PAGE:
When and How to Hand Out Your Business Card

Use them responsibly.

We've all been there. You're at a professional or social event and have a good conversation with someone. You want to keep in touch, so you offer your business card (if you have one) before parting ways, and the other person does the same. If you don't have one to give out, you may simply ask for theirs and assure them you'll follow up with an email with your contact information. Note: make sure you actually do this the following day.

But let's examine the idea behind exchanging cards, because in some cases there may be a better way to share your information. Cards are easily tossed and lost. Just the process of handing out business cards creates a lot of awkward exchanges. For example, if you have to dig into a deep hole in your purse to grab your cards and your personal items start falling out of your bag at the same time – awkward. If you reach out to someone before shaking hands or just after with your card extended – awkward. You haven't even had a chance to talk yet; how could you possibly know if this is someone you want to keep in touch with? Here are some things to think about before you hand out your business card.

Don't:

1. Hand it to someone when you first meet, unless everyone is doing that before a meeting commences. As noted above, this is just plain odd because you haven't yet established if you even want to maintain contact. In addition, the other person is bound to assume you are just trying to collect as many cards as possible and couldn't care less about who they are. This is like giving someone you meet at a bar your phone number before you start talking.

2. Give it to everyone and anyone you meet. This certainly isn't going to make you memorable. You will be the person who wants everyone to have your contact information. You might as well be sending a friend request to every person who is on Facebook. It's just not strategic.

3. Give someone multiple cards unless they specifically ask for more to hand out to people who they think might want to talk to you. No matter what profession you're in, this is presumptuous and won't help them retain a positive impression of you. If you're in a field such as sales or real estate where increasing contacts quickly is important, figure out another way to follow up with the person that will make it easy for them to share your contact details with others.

Do:

1. Think about whether it makes sense to exchange cards in the first place. Is this someone you want to get to know as a friend? Exchange your phone numbers, emails or send a Facebook request. If there's a professional reason, a card may be the answer.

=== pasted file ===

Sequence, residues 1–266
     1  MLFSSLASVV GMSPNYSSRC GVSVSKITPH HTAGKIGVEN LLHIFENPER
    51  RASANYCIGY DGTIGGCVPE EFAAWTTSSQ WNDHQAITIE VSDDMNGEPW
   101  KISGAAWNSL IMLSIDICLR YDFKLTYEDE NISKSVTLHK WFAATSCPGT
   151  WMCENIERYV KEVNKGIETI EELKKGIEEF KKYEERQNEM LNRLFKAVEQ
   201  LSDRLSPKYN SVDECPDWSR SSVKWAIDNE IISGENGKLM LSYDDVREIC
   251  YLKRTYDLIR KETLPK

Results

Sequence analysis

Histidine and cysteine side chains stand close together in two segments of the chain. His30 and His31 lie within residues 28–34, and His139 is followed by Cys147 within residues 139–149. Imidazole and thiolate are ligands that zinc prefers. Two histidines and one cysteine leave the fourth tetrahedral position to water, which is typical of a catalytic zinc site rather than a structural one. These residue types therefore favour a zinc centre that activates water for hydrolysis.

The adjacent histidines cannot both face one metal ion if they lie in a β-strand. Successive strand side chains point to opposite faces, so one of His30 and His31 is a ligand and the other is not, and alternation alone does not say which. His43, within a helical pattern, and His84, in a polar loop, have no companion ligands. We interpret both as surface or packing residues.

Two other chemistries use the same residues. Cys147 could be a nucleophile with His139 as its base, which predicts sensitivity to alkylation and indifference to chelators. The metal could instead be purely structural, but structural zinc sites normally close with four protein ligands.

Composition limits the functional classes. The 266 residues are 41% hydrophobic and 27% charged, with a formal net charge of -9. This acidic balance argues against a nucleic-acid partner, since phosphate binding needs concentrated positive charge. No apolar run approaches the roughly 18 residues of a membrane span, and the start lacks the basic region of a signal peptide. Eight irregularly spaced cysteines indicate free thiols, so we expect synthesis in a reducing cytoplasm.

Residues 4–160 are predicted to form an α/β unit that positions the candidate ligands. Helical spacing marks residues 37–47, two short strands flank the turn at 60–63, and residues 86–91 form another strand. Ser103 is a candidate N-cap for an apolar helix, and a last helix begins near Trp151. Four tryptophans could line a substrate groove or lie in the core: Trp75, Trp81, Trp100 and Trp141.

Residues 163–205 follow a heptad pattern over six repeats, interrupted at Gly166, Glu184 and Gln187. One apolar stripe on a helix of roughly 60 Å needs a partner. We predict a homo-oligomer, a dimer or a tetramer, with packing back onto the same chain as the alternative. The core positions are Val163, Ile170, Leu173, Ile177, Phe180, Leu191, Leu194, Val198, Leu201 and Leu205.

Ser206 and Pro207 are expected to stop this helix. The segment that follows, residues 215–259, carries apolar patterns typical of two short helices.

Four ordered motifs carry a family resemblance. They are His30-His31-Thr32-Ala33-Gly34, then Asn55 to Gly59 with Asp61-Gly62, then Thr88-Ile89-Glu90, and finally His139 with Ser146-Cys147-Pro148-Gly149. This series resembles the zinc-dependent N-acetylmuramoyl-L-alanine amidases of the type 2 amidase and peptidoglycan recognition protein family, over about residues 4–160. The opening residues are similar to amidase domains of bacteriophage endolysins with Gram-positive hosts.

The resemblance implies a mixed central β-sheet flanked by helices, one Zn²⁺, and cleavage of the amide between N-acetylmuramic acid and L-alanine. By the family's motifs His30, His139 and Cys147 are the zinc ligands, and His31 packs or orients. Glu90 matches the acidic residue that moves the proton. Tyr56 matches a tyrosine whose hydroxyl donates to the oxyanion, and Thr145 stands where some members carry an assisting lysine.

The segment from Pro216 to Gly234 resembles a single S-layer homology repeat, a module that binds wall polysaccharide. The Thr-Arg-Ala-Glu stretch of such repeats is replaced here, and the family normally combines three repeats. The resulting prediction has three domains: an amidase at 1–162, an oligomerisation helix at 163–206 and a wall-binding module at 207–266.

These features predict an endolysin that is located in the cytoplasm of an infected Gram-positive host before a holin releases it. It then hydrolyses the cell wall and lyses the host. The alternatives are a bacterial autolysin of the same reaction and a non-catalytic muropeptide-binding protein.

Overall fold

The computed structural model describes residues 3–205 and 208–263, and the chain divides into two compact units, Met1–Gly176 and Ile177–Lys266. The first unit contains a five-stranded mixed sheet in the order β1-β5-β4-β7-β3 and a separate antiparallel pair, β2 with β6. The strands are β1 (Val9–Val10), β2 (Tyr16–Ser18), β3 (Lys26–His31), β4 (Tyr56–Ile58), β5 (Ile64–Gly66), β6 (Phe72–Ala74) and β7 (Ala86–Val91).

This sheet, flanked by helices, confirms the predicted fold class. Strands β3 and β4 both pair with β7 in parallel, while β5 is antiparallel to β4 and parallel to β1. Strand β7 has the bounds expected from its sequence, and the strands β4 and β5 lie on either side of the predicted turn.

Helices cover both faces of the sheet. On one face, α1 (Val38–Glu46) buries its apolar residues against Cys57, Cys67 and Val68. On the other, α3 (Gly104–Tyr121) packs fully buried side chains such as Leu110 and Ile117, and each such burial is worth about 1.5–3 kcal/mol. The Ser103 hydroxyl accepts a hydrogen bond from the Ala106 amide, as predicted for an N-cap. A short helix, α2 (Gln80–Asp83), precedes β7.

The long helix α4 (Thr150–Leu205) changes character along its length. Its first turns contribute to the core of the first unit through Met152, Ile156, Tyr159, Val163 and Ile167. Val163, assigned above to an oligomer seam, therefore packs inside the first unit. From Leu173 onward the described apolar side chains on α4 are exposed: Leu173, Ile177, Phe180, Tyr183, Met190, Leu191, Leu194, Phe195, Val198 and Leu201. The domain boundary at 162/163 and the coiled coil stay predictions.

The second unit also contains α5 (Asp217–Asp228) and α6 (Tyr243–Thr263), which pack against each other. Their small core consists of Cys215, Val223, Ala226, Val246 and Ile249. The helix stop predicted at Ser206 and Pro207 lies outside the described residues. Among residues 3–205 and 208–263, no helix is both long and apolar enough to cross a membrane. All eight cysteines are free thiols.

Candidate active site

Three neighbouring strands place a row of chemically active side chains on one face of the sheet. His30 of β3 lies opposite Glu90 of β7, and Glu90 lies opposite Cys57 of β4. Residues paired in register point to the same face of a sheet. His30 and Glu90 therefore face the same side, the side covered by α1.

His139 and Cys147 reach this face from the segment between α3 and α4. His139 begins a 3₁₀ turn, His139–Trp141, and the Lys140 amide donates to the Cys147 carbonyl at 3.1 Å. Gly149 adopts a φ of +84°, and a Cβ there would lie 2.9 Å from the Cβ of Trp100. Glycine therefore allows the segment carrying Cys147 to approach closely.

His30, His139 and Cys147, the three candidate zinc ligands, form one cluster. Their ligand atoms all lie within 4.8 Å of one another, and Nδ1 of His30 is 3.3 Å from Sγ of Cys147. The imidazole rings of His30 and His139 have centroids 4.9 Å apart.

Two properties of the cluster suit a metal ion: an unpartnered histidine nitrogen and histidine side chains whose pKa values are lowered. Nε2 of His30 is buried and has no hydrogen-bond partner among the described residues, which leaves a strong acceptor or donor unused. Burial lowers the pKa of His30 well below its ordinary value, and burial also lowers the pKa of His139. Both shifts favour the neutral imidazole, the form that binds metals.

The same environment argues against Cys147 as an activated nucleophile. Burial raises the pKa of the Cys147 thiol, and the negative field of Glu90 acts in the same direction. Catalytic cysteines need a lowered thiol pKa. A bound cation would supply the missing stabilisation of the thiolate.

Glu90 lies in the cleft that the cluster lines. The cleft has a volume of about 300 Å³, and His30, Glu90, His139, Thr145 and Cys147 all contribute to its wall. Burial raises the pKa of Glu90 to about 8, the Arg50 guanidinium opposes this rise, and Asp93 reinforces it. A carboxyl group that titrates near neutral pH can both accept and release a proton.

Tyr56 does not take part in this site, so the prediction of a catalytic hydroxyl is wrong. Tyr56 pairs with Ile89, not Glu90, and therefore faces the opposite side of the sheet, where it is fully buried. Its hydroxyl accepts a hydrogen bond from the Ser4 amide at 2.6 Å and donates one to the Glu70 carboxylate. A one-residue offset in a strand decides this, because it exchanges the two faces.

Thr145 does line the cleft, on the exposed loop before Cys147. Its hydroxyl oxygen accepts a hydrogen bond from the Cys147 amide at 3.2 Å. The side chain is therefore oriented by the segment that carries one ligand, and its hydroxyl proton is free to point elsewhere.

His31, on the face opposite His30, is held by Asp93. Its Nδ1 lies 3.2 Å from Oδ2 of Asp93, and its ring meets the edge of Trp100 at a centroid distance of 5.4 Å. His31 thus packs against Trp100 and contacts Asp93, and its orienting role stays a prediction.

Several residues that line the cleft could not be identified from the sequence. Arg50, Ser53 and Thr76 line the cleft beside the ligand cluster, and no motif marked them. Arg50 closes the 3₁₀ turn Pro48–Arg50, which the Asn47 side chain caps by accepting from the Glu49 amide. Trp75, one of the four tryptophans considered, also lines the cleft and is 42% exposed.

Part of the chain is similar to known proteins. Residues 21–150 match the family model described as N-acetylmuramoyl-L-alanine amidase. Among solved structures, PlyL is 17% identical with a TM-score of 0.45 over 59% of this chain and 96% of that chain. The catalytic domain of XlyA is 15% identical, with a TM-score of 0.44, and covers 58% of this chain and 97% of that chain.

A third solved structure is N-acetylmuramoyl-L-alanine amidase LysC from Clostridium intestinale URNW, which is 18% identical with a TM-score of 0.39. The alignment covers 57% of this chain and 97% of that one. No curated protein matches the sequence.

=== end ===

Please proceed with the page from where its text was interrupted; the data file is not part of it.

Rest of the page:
2. Make sure the cards are accessible and that you have a decent amount with you. Know where they are before you enter the event. Since you'll be exchanging them when you and the other person are ready to part to meet someone new, grab a drink or head to the restroom, you need to be fast!

3. Take notes on the back of each business card you receive so you remember where you met the person. Recall something notable about your conversation that you can later refer to. How many times have you looked at an old business card you've collected and said, "I have no idea who this person is or where I met them"? That doesn't benefit you at all.

4. Write an email the next day to tell each person how much you enjoyed meeting him or her. Refer to something specific you talked about and let them know you look forward to staying in touch. If you promised to send them a contact or a piece of information, follow through at that time.

5. Connect with your new contacts on LinkedIn. This way you can keep up with their professional moves and keep in touch every so often to see how they're doing.

What is gained in a business card exchange? Contact information for a person you'd like to keep in touch with. Collecting as many cards as possible for the sake of collecting isn't the point. If you want to do it right, be strategic. You don't need to get a card from everyone; rather, get them from those you truly intend to stay in touch with. You can easily exchange a phone number or email with nonprofessional contacts, such as those you meet at your child's school, at the park or on a plane. If there's a reason to share your professional information based on what you've discussed, go ahead and give them your business card. But it doesn't make sense to give out your card in every case and especially if you are not going to follow up – it can be easily tossed, lost or you could simply be forgotten.

By Marcelle Yeager

Source: http://money.usnews.com/



Mar 8